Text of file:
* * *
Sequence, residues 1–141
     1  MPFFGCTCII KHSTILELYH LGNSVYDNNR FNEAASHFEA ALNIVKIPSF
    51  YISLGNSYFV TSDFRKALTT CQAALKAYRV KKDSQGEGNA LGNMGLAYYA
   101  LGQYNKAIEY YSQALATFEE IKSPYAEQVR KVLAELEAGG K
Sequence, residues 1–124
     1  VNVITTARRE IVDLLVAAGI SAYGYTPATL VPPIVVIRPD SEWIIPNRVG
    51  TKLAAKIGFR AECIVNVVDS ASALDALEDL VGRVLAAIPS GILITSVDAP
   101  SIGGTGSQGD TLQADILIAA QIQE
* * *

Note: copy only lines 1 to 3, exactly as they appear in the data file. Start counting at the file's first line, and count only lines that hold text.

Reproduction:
Sequence, residues 1–141
     1  MPFFGCTCII KHSTILELYH LGNSVYDNNR FNEAASHFEA ALNIVKIPSF
    51  YISLGNSYFV TSDFRKALTT CQAALKAYRV KKDSQGEGNA LGNMGLAYYA